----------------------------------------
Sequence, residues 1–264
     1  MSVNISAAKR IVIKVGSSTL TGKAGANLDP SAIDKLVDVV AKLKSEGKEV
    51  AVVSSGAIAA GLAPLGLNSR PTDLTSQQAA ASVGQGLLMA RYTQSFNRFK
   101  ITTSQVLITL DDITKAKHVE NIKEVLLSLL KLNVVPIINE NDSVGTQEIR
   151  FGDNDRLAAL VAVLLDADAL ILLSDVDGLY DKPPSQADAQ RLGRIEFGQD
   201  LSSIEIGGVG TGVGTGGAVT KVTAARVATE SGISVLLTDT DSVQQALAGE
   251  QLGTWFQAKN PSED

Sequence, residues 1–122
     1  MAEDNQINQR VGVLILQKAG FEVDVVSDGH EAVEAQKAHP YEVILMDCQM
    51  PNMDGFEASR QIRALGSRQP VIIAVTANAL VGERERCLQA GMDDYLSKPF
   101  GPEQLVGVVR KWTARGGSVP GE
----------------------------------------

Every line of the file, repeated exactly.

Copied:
Sequence, residues 1–264
     1  MSVNISAAKR IVIKVGSSTL TGKAGANLDP SAIDKLVDVV AKLKSEGKEV
    51  AVVSSGAIAA GLAPLGLNSR PTDLTSQQAA ASVGQGLLMA RYTQSFNRFK
   101  ITTSQVLITL DDITKAKHVE NIKEVLLSLL KLNVVPIINE NDSVGTQEIR
   151  FGDNDRLAAL VAVLLDADAL ILLSDVDGLY DKPPSQADAQ RLGRIEFGQD
   201  LSSIEIGGVG TGVGTGGAVT KVTAARVATE SGISVLLTDT DSVQQALAGE
   251  QLGTWFQAKN PSED

Sequence, residues 1–122
     1  MAEDNQINQR VGVLILQKAG FEVDVVSDGH EAVEAQKAHP YEVILMDCQM
    51  PNMDGFEASR QIRALGSRQP VIIAVTANAL VGERERCLQA GMDDYLSKPF
   101  GPEQLVGVVR KWTARGGSVP GE